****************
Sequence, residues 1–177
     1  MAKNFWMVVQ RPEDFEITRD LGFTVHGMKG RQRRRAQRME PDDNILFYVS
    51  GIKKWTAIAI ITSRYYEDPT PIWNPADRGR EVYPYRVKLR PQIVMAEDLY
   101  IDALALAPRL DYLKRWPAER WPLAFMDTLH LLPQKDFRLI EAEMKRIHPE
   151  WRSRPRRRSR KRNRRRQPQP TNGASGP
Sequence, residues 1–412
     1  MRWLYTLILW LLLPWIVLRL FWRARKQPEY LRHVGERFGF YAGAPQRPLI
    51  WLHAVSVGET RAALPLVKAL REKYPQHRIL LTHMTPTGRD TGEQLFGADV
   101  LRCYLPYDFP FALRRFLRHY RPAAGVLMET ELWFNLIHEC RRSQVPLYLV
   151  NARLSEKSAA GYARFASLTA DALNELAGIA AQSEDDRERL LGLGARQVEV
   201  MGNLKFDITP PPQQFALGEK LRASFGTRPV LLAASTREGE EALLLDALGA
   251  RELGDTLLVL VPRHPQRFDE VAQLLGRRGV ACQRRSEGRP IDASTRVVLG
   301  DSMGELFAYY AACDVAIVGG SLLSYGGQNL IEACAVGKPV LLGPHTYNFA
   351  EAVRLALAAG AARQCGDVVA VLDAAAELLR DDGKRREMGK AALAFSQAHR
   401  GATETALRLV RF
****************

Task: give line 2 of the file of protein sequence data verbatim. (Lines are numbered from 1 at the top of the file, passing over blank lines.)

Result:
     1  MAKNFWMVVQ RPEDFEITRD LGFTVHGMKG RQRRRAQRME PDDNILFYVS